I have been asked this question a thousand times. The quick simple answer is “no”. There is no law that requires both spouses to file for bankruptcy when one spouse needs to file. However, it is not as simple as that. The first thing to consider is if the “non-filing” spouse co-signed on any of the filing spouses debts. If so, then it would probably be beneficial for both to file jointly. If not, the creditor will more than likely just continue collection efforts against the spouse that did not file.
If the “non-filing” spouse did not co-sign for any of the debts, than the next question is if the “non-filing” spouse has any debts of their own. If so, then again, they may want to file jointly to get a much cleaner “fresh start” after the bankruptcy discharges. Otherwise, after the spouses bankruptcy is completed, they are still having to make payments on their own debts which may eventually lead to them having to file their own bankruptcy later.
If the “non-filing” spouse did not co-sign for any of the debts, and has little or no debt of their own, then they may consider not filing with their spouse to keep their credit score in tact. However, and this is where the fun begins, they may end up having to pay for their debts anyway!
You heard right. The non-filing spouse could be held responsible for the debts of the filing spouse, even though they had nothing to do with those debts! How does this happen?
Community Property. For those of us lucky enough to live in the Golden State, be aware, California is a community property state. When people think of community property, they think of houses, cars and bank accounts. But what most people do not consider is that debts are also considered to be community property! Yikes! So legally speaking, absent a Prenuptial Agreement, debts that are incurred during marriage are the responsibility of both spouses! But before you run off to file for divorce there are many other factors to consider.
The real consideration is “can they” versus “will they”
Can they pursue me? If you live in a community property state, then yes it is possible. Laws vary from state to state so as in any legal matter, it is best to consult a local attorney.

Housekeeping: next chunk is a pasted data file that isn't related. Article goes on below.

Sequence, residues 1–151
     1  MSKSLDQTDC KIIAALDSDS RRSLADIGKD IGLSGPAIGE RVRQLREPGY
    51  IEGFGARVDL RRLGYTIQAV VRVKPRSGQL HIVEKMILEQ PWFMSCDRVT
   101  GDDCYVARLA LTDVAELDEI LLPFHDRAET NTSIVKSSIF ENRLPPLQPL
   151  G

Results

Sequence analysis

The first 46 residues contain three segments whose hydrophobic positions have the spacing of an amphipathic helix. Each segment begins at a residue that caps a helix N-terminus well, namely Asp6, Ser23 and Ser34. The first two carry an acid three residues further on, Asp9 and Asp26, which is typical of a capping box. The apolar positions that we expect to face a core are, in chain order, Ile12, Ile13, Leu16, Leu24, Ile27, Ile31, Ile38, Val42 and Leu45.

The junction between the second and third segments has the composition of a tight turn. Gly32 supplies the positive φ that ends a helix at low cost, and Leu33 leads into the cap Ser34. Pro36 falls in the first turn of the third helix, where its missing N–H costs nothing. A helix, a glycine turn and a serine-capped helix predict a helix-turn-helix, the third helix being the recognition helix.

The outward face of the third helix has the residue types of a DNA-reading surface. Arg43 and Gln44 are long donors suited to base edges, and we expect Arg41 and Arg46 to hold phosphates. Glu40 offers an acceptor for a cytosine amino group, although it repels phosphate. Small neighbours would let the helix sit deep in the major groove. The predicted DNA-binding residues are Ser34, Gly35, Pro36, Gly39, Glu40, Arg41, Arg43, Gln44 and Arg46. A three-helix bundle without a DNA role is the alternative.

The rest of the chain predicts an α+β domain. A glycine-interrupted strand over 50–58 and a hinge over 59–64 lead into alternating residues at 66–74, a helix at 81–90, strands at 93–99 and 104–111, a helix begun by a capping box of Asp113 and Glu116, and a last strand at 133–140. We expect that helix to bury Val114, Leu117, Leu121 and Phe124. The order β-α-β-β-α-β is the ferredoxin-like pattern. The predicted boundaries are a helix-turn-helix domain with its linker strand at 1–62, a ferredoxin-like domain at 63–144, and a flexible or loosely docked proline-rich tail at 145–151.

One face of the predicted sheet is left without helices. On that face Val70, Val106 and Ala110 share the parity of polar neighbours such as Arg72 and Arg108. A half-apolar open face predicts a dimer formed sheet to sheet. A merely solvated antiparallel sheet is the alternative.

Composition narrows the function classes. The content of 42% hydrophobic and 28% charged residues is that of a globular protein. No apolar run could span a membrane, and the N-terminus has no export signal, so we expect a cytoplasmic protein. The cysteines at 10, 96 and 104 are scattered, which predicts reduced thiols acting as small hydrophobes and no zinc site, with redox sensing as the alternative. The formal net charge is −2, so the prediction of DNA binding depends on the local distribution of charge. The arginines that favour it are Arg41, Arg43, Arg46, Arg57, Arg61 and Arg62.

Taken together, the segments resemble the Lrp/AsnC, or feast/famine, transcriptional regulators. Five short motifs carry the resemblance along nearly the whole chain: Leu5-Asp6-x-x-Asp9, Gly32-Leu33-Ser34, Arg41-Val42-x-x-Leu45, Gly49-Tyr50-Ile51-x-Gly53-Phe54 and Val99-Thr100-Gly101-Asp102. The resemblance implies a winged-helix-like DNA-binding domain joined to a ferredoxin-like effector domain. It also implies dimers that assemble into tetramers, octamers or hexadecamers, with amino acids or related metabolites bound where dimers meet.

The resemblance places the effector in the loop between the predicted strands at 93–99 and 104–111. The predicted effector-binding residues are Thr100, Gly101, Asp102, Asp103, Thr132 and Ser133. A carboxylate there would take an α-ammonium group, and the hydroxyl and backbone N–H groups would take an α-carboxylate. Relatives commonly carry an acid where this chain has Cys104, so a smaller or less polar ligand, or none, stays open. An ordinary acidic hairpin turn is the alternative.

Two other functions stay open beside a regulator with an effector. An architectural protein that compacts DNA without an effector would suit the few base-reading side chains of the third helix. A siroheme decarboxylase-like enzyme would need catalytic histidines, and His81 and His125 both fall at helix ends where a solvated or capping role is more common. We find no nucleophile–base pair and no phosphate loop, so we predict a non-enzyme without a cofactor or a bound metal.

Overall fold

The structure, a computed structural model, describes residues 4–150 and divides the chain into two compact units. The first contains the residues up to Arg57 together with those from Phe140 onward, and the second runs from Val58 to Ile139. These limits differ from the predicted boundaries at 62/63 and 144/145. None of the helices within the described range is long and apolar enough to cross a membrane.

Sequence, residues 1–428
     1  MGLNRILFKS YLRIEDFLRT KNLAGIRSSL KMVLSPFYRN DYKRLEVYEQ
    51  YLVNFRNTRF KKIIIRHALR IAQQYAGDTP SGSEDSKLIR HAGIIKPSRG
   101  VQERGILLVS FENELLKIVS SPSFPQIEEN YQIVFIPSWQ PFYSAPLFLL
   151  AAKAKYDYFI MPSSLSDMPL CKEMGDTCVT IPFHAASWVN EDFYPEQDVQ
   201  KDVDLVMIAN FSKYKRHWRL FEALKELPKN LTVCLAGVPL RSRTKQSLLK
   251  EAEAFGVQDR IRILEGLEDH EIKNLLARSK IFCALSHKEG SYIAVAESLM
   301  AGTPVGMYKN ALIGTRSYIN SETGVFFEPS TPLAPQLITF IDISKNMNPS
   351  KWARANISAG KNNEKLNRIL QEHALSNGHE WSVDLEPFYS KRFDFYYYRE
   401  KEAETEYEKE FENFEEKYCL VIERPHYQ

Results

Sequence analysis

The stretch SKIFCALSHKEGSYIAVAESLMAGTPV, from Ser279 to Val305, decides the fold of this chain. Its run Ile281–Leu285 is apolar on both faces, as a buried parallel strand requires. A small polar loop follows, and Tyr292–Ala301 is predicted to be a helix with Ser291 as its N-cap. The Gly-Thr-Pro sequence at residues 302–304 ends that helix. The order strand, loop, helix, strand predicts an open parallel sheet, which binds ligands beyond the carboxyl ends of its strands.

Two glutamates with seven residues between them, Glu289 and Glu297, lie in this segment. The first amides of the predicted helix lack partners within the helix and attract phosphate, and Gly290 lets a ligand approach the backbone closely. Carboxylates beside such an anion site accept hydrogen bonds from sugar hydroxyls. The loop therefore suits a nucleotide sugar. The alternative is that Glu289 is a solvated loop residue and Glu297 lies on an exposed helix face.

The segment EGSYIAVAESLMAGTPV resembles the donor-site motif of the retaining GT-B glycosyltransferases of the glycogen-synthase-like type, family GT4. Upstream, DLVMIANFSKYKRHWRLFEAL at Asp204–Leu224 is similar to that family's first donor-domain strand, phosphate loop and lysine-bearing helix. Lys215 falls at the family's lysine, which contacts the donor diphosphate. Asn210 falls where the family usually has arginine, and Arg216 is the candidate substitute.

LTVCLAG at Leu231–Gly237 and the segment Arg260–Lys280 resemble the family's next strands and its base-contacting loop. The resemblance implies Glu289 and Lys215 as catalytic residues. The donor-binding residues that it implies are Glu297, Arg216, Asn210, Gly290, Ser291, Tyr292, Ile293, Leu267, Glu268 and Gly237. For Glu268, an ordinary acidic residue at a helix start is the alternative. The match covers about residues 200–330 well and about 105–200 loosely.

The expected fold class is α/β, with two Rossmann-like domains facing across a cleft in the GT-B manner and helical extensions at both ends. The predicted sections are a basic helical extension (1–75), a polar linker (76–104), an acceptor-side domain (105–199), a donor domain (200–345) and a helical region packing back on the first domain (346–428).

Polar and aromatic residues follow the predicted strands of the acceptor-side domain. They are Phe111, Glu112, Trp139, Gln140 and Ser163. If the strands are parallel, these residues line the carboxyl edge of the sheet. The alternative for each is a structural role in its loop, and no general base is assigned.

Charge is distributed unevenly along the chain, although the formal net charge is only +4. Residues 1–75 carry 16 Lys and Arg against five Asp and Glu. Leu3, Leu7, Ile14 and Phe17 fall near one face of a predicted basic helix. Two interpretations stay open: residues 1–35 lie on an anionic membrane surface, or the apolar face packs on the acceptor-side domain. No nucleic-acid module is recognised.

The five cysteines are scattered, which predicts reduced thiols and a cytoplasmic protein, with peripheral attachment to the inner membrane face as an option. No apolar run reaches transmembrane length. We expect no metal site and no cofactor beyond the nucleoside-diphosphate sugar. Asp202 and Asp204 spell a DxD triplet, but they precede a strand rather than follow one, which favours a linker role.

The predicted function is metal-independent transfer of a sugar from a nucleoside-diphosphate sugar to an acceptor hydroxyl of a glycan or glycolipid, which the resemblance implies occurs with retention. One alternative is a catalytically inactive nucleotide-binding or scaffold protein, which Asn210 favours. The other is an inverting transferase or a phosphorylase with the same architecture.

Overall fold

Will they pursue me? Probably not. But why not? Community property laws are very very tricky. And are very difficult to enforce. The same law that says they can pursue you also says that they cannot. What does this mean? As an example….lets say your spouse files for bankruptcy and you live in a community property state. The creditor may decide to call you trying to collect, they may even go as far as to sue you in court. But it would be very difficult for them to collect. They could try to garnish your paycheck, but your paycheck belongs to your spouse due to community property laws. And since your spouse filed for bankruptcy, they cannot garnish any of his income (including income from the non-filing spouse) They could try to levy your bank account, but if your spouse is also on the bank account, then again they cannot touch it.
So community property laws are tricky and most creditors do not want to deal with it. They typically will simply close the file once they receive notice of a bankruptcy filing and the debt goes away. So, while not filing may be a gamble, it is a small gamble. And in the worst case scenario, if a creditor is getting aggressive with the non-filing spouse. They could always turn around and file a bankrutpcy case themselves.
When you are considering filing for bankruptcy, it is best to speak to an attorney.They will be familiar with local laws and can go over which options best fit you and your families needs.
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